Continued Monitoring of the Tassajara Creek Restoration Project, Alameda County / Aurel DeHollan and Matt Oden
Monitoring the ensuing morphological and vegetative change of river restoration projects has become evermore important as an increasing number of communities embrace such efforts. Numerous projects have succeeded in the short run and failed in the long run, but the success of a project can only be assessed through post-project monitoring efforts. A section of Tassajara Creek in Dublin California stretching roughly one mile was restored in 1999. The generalized goals of the project were to reconstruct the highly incised channel to stop further incision and to restore riparian habitat. A monitoring plan to document the effects of the implemented project was developed in 2001 accompanied by a series of eight cross-sections, a longitudinal profile, and photographs to begin the post-project evaluation. Between 2002 and 2003 three additional studies were conducted to continue the monitoring effort. All of these projects found some localized incision and aggradation. We resurveyed four of the cross-sections in the southern part of the restoration area and found evidence of aggradation of the thalwegs ranging from 0.25ft and 3.07ft at all sites following the first year of substantial flows, thus indicating that incision has been halted hitherto. We also found evidence of erosion. These findings combined with our observations of riparian vegetation, as well as comparisons to historical photographs, allow us to conclude that the project has been successful hitherto.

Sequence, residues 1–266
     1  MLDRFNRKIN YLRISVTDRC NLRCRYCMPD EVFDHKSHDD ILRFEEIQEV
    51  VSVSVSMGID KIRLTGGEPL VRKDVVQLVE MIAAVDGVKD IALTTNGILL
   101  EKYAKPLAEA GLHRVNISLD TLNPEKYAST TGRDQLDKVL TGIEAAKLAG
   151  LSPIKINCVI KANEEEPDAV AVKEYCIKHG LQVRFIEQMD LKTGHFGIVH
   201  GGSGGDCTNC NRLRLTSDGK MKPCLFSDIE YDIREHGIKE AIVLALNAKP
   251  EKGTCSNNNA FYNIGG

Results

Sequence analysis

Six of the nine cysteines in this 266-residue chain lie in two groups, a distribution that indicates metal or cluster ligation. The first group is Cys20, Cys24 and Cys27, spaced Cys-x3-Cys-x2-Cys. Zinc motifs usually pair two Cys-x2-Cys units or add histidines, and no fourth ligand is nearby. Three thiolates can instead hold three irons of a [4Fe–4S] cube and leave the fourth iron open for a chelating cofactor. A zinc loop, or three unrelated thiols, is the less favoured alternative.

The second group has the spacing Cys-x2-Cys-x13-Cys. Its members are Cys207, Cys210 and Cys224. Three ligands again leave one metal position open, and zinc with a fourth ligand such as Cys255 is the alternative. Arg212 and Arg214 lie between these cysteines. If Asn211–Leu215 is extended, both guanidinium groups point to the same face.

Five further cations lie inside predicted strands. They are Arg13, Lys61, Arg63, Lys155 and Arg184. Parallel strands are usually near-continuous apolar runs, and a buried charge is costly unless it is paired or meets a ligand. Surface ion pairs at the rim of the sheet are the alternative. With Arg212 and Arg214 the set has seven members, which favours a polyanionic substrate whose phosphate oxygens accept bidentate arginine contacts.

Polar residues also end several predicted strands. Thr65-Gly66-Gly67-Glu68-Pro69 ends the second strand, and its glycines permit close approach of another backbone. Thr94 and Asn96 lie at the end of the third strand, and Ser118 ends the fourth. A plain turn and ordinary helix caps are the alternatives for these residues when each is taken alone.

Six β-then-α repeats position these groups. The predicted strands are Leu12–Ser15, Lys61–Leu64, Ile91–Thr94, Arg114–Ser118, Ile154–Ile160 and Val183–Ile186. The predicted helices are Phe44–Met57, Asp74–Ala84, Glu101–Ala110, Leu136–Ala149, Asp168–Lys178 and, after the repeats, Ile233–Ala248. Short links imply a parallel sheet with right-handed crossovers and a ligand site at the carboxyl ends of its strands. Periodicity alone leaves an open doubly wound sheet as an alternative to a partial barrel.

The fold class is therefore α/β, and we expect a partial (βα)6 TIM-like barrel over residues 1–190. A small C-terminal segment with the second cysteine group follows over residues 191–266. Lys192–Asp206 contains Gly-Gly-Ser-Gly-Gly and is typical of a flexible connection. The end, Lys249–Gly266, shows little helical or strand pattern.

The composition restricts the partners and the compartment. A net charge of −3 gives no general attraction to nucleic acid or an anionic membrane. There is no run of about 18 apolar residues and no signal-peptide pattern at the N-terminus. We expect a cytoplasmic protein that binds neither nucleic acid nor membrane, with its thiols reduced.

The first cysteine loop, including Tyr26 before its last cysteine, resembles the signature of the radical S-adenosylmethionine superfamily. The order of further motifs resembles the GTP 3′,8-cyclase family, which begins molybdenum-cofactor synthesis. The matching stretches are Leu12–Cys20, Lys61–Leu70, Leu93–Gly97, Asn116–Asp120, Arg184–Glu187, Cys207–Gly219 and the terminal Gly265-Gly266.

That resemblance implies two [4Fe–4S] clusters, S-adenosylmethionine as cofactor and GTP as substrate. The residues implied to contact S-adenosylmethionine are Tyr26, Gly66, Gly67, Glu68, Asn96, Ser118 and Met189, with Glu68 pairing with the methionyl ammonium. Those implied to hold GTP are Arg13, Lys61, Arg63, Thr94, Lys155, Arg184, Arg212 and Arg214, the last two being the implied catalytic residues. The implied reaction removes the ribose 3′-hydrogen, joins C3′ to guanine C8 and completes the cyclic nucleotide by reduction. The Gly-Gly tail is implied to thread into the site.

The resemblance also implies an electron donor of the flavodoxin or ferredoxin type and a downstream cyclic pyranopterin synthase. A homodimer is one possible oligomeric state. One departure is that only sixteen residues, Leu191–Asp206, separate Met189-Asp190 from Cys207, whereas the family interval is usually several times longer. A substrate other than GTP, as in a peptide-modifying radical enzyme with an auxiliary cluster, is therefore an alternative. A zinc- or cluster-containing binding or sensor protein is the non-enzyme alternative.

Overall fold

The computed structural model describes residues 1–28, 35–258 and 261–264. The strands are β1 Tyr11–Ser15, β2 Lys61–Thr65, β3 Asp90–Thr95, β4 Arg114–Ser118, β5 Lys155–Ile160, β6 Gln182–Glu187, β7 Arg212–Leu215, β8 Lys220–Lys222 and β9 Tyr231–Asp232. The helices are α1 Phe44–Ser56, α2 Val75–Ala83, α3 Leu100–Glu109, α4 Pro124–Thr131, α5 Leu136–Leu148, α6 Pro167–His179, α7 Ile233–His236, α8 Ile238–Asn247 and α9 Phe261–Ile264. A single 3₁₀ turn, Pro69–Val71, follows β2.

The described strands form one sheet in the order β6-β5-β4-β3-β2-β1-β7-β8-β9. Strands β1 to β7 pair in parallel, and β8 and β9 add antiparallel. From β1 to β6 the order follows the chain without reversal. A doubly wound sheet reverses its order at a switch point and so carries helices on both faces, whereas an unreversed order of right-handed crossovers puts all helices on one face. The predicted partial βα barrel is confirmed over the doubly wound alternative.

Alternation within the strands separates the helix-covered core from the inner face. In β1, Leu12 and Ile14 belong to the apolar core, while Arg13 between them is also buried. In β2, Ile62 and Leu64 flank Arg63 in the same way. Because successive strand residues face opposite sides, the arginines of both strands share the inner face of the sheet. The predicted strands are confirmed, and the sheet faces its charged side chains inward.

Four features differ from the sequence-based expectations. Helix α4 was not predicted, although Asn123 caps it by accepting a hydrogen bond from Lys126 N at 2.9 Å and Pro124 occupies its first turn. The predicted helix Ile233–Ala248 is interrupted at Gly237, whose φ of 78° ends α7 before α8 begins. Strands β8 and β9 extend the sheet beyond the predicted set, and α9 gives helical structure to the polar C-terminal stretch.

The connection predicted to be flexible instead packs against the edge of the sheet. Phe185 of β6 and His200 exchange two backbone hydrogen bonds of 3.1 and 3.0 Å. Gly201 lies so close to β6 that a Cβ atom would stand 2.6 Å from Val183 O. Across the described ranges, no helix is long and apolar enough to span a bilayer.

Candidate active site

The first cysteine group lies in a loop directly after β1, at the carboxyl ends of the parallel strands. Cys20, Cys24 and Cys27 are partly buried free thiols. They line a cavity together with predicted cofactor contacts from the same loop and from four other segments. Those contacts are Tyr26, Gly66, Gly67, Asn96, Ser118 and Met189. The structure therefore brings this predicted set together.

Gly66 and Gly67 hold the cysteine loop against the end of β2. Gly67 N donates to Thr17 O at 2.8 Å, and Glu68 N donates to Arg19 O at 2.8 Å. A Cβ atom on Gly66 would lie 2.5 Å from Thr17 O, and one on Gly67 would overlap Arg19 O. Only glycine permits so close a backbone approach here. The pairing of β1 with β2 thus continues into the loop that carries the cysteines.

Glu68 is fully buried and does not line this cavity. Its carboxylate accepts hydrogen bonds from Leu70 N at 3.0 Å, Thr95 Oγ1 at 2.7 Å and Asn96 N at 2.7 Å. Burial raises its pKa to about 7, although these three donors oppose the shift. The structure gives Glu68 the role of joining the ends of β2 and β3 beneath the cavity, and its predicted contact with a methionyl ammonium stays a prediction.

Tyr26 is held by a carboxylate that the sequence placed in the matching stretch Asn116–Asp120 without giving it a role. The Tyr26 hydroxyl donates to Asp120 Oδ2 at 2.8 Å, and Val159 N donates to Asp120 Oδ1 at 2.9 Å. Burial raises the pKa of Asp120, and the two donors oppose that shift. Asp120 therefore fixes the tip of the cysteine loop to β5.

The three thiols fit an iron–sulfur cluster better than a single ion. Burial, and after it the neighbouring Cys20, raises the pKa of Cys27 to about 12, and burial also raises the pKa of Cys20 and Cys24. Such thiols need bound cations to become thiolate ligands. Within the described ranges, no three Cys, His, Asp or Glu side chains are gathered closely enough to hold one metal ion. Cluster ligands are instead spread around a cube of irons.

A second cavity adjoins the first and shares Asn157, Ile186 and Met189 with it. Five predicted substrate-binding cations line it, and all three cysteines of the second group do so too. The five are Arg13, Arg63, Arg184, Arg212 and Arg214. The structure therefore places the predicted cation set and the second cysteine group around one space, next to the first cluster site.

Green Roofs for Stormwater Runoff Control: Experiences from Two Sites / Ronald Dean, Edward Steinemann